Quick Hit: A wonderful performance by Oldman goes a bit unheralded in this biopic.
Gary Oldman is one of those actors that appear in everything, and yet somehow no one really even knows about him. He’s Sirius Black, he’s Mason Verger, he’s the human compound’s commander in Dawn of the Planet of the Apes, he’s Commissioner Gordon in Christopher Nolan’s Dark Knight trilogy. And the reason you never know he’s there is because he falls into the roles he’s given like a chameleon in the trees. In that respect, Darkest Hour is no different. Winston Churchill was known for his oratory ability, and Oldman sells this, and sells it hard.
Hidden beneath prosthetics and makeup, Oldman lands Churchill’s way of speaking, including the trademark lisp and mumbles. Much of the movie focuses on Oldman speaking, walking, and interacting just like Churchill, and in those senses the movie is a rousing success. The best historical portrayals land somewhere between direct imitation and creation, and Oldman recreates Churchill in his best and worst of moments. He also portrays a genuine emotional battle that takes place throughout the movie, as Churchill struggles with the decisions he has to make for the greater good.
I’d also like to point out the striking physical similarity between Ben Mendelsohn (Mississippi Grind) and King George VI. King George was another famous Briton with a speech impediment, who notoriously struggled with stuttering. Mendelsohn not only looks the part, but he lands the distinctive voice cues and verbal struggle in the same way as Oldman. Just don’t think he gets enough credit for his admittedly small role in this film, particularly for one emotionally wrought scene in Churchill’s home.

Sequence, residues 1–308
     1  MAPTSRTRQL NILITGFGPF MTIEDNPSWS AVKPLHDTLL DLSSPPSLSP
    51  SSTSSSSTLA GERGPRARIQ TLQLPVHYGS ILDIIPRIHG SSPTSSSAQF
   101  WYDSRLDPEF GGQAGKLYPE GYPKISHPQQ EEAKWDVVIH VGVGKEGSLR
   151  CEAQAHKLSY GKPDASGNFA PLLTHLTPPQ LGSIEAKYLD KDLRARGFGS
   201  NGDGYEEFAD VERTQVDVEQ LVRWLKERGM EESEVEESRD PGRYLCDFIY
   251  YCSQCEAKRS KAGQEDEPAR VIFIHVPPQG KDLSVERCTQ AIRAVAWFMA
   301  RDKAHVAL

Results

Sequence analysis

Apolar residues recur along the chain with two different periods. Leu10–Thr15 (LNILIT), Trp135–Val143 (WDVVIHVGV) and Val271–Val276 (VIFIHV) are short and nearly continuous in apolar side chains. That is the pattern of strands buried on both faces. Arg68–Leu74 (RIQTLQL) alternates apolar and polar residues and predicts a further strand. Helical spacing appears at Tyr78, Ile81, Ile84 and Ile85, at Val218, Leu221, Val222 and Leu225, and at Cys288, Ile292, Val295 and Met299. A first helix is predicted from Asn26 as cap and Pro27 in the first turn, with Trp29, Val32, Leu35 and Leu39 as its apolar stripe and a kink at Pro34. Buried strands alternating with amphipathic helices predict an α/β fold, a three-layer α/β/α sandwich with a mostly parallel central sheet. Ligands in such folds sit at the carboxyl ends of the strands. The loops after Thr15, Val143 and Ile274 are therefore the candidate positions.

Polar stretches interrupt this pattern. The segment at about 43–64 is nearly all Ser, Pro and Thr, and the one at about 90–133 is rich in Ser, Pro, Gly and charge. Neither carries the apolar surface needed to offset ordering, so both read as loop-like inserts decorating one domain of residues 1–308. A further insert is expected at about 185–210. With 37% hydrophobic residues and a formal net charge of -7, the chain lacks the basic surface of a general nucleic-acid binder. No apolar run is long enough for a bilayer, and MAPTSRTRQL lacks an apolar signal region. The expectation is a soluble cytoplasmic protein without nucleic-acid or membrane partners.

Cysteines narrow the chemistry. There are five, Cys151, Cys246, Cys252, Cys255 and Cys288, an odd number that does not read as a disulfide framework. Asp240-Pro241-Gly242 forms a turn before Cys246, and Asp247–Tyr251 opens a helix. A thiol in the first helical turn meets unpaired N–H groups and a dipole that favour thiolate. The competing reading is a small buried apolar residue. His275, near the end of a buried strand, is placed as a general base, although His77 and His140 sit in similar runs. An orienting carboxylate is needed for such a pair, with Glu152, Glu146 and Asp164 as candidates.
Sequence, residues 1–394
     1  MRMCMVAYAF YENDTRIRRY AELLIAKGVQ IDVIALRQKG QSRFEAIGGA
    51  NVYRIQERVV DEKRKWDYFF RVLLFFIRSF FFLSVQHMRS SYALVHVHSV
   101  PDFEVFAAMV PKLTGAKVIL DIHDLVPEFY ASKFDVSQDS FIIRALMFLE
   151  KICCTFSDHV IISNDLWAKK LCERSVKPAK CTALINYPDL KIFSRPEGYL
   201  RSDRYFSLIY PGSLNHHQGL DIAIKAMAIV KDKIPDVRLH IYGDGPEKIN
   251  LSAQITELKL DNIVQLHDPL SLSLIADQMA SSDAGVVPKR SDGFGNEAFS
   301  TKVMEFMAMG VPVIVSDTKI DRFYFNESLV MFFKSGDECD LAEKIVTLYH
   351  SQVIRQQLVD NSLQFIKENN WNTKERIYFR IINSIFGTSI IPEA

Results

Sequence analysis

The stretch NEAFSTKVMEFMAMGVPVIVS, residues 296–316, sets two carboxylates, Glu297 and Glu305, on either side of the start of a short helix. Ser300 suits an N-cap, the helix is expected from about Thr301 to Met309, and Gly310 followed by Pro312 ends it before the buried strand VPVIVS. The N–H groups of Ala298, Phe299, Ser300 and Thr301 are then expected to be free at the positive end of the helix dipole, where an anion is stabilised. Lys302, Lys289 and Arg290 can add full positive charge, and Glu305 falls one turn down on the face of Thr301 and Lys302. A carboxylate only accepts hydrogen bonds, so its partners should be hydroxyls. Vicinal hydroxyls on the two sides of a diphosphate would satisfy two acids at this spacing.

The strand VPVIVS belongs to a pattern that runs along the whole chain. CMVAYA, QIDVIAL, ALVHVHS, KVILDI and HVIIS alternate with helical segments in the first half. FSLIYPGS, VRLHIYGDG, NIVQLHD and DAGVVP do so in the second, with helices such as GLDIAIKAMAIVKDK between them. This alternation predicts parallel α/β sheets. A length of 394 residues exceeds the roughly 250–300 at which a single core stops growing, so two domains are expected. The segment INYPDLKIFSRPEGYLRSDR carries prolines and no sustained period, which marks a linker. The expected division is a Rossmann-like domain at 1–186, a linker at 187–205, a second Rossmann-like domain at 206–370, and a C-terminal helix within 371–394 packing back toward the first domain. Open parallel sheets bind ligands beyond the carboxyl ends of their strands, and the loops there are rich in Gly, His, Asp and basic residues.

What’s unfortunate about Darkest Hour is just about everything that doesn’t include these two. There’s a lot that’s being discussed here – the war, the inner workings of the British government, the willingness of the government to lie to the people when it believes it suits the people. This is tossed together in a manner that each time Oldman is given a chance to leave the screen, the film suffers. There’s just not enough glue there to hold the story together without a truly magnetic performance.
It’s really odd, I’ve never seen so many Best Picture nominations work together so well. Both Darkest Hour and Dunkirk deal with the British evacuation of Dunkirk beach. One is focused on the activities at home, the other on the beach. As well as Dunkirk, The Post works as a pretty good companion piece here. Both deal with governments keeping from the governed certain military defeats that would sway public opinion in a certain way. All these seem politically motivated in today’s Trumpian climate.
The film itself is average, but the performance is amazing. That leads to a barely above average score in a “C+” from me.
For more on this film, check out IMDB.
"All work and no play makes Jack a dull boy"